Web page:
There were eight covers sent from N.S.W. in the 1960s, seven of which had manuscript names of family members: ‘Sister Marian’, ‘Sister Polly’ (2), ‘Sister Nellie’, ‘Father’, and ‘Alice’ (2). The first of these was different from all others in that it was the only one addressed to Francis in San Francisco and was the first cover that mentioned assay or assayist. There was no identifier as to the sender, but it was sent to F.W. H. Aaron, S. Molitor & Co., Assay Office, 418 Montgomery Street, San Francisco, California.. There was a ms. per All Serene a handstamp SHIP 4 and the SIX PENCE ‘Diadem’ N.S.W. stamp was canceled with a duplex 63/ AP 29/ B/ SYDNEY. There was a double circle SAN FRANCISCO/ AUG/ 1/ 1863/ CAL. The relevance of the pencilled ‘1815′ is not apparent, and the reverse was not seen (Figure 7).
The S. Molitor & Co. Assay Office may well have been significant in Francis Aaron’s career as an assayist. Stephen Molitor was the son of a famous partner in a San Francisco gold company. The partners, two Hungarians who fled to California when Tsar Nicholas I of Russia intervened on the side of Austria against Hungarian forces in 1849, were Samuel C. Wass who combined with Augustus P. Molitor to form Wass, Molitor & Co. to set up an assay office in San Francisco in 1851. They started by assaying and stamping gold ingots and became more proficient in their service than the U.S. Assay Office, and their legacy was that they produced the 1855 50 Dollars gold coin (Figure 8).
The next seven covers in the 1860s were all addressed to Frank at Marysville, Yuba County, California and two of them were sent by family members ‘Sister Marian’ and ‘Sister Polly’. Both of these had an originating postmark of Braidwood, a small gold producing town in N.S.W One example had mss.‘Via Southamton (sic)’ and ‘Sister Marian’ and the blue TWO PENCE and the rose-carmine ONE SHILLING ‘Diadem’ N.S.W. stamps were cancelled with the Rays ‘36′ of Braidwood. There was a red crayon ‘8′, a black ‘5‘ handstamp, a LONDON/ A/ MY 17/ 64 transit, a 16/ CENTS tax handstamp as well as a double circle SAN FRANCISCO/ JUN 23/ 1864/ CAL postmark (Figure 9).
The reverse has an unframed BRAIDWOOD/ MR 19/ 1864/ N.S.W originating postmark as well as a transit SYDNEY/ MR 21/ NEW SOUTH WALES (Figure 10).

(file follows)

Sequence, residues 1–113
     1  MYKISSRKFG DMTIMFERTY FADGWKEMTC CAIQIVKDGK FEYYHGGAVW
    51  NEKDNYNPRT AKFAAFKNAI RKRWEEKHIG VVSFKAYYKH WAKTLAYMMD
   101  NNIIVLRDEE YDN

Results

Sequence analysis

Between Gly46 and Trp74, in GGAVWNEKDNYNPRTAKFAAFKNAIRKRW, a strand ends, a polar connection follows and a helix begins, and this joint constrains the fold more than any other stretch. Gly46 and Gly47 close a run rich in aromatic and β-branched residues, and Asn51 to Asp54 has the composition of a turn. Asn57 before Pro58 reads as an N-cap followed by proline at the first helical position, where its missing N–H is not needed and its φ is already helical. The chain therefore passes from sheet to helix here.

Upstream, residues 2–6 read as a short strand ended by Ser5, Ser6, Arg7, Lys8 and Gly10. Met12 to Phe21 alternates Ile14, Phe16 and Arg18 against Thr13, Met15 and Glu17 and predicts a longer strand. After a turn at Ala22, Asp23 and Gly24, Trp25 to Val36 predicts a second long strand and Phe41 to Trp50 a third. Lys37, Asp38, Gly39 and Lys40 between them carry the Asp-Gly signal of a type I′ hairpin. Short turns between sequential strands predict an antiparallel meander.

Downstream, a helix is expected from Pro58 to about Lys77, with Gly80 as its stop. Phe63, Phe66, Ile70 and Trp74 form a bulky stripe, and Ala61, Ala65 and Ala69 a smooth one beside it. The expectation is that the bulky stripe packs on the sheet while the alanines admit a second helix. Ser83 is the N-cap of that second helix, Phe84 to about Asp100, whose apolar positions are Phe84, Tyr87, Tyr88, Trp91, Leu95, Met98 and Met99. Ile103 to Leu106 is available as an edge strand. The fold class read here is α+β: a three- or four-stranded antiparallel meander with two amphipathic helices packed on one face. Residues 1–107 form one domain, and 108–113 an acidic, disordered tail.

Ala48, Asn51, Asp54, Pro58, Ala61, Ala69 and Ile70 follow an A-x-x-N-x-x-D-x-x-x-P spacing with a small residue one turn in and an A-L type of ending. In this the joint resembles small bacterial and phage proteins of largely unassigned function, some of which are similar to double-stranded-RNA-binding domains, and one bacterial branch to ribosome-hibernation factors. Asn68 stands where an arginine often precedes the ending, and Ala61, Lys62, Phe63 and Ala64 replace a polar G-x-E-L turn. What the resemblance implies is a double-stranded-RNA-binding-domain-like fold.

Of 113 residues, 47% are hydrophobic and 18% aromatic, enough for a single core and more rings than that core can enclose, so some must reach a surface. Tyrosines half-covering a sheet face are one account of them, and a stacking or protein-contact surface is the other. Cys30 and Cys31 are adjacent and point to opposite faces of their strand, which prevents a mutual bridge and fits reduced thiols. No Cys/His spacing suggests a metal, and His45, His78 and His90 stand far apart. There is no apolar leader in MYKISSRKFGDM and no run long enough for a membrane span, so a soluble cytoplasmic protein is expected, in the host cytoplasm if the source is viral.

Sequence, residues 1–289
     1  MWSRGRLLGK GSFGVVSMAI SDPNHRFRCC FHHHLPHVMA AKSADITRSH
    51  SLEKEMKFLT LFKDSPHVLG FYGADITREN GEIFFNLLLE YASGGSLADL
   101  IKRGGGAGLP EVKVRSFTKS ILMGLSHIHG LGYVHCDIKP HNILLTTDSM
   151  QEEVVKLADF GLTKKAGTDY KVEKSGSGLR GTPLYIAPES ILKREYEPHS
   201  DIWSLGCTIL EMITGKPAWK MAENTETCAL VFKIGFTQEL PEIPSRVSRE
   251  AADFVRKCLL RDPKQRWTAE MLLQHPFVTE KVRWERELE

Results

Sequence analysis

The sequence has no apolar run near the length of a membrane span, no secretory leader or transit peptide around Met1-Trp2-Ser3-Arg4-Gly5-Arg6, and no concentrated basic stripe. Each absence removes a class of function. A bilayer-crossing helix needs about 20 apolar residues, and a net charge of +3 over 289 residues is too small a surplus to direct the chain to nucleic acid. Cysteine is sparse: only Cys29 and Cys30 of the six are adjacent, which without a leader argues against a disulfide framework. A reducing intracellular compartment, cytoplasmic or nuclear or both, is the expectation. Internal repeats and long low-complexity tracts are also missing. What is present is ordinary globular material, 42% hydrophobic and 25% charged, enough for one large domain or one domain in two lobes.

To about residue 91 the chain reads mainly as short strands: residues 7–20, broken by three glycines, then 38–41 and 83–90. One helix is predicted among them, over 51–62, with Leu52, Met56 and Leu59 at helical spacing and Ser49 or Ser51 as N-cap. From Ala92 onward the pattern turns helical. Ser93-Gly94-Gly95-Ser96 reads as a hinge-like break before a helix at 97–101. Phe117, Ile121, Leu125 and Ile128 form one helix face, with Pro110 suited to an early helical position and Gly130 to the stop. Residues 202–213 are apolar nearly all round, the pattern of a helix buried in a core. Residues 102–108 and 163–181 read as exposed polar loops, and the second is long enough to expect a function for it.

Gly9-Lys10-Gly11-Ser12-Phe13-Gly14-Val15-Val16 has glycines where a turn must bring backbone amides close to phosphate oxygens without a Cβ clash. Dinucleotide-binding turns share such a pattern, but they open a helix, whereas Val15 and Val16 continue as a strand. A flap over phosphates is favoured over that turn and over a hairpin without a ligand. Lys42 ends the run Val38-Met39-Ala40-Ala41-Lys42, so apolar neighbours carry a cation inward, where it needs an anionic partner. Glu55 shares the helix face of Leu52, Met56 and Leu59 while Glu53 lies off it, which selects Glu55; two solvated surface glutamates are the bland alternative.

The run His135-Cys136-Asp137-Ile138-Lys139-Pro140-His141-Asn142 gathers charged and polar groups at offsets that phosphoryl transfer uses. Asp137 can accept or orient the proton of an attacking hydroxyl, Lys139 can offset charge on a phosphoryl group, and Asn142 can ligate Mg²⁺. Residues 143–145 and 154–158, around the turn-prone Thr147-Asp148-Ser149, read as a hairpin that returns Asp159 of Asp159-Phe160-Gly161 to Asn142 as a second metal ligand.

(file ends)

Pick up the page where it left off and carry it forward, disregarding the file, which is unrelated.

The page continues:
There were three 1860s covers also addressed to Frank at Marysville, dated 1866-67-68 that included a ‘care of address’. The following cover with mss. ‘Father’ and ‘Per Mail Steamer, Aakaia, via Panama’ was sent to F.W.H. Aaron, Mess. Knight & Co., Assayer, Marysville, Yuba Co., California in August 1866. It had a 10 handstamp and the ‘SIX PENCE’ ‘Diadem’ stamp of N.S.W. was cancelled by a duplex 66/ AU 31/ D/ SYDNEY postmark, as well as the double circle SAN FRANCISCO/ OCT/ 26/ (66)/ CAL postmark, but the reverse was not seen (Figure 11).
The last of the 1860s covers was a surprise for it was a mourning cover and I am unaware that Francis had any family other than his wife and son in America. It had a mss. ‘Alice’, as well as Sydney , N.S.W., April 31/68, and it was addressed to Frank, Assayer, Marysville, Yuba Co., California. There was a ‘10‘ handstamp, a duplex B/ AP 30/ 1868/ SYDNEY/ postmark on the SIX PENCE ‘Diadem’ N.S.W. stamp and a SAN FRANCISCO/ JUN/24/ CAL postmark The reverse was not seen (Figure 12).
There were six covers in the 1870s with a range of 1870 – 78 and one had ms. ‘Father’ and five had a ms. ‘Polly’. The first of this series was chosen mainly because it was addressed to Frank, Assayer, No. 32 D Street, Marysville, Yuba Co, California (the home address of the Aaron family). The SIX PENCE ‘Diadem’ N.S.W. stamp was cancelled with a duplex D/ OC 31/ 1870/ SYDNEY postmark, there was a handstamp‘10‘ as well as a SAN FRANCISCO/ DEC/ 10/ CAL postmark. The reverse was not seen (Figure 13).
The five remaining ms. ‘Polly’ 1870s covers were all sent to F.W.H. Aaron, Marysville Savings Bank, Marysville, Calefornia (all misspelt with the ‘e’) and all were canceled with the originating Braidwood N.S.W. postmark. A second mourning cover was included in the series, and again no reason for it was found. The single SIX PENCE stamp of N.S.W. was canceled with the unframed BRAIDWOOD/ SP 20/ 1877/ N.S.W and there was a faint purple oval ‘PAID ALL’ as well as a faint red SAN FRANCISCO/ CAL postmark. The reverse was not seen (Figure 14).
A strip of three blue TWO PENCE stamps were canceled with the unframed BRAIDWOOD/ JY 17/ 1877/ N.S.W and there was a red SAN FRANCISCO/ AUG/ 14/ PAID ALL reception, as well as a purple oval ‘PAID ALL’, but the reverse was not seen (Figure 15).
The covers shown were a good representation of the entire series for they showed the many family members in New South Wales who sent the covers to Frank Aaron at his multiple addresses over 25 years. The information included in this paper is supplemented by additional research on this pioneer gold miner, gold assayist and prominent business man in Marysville California.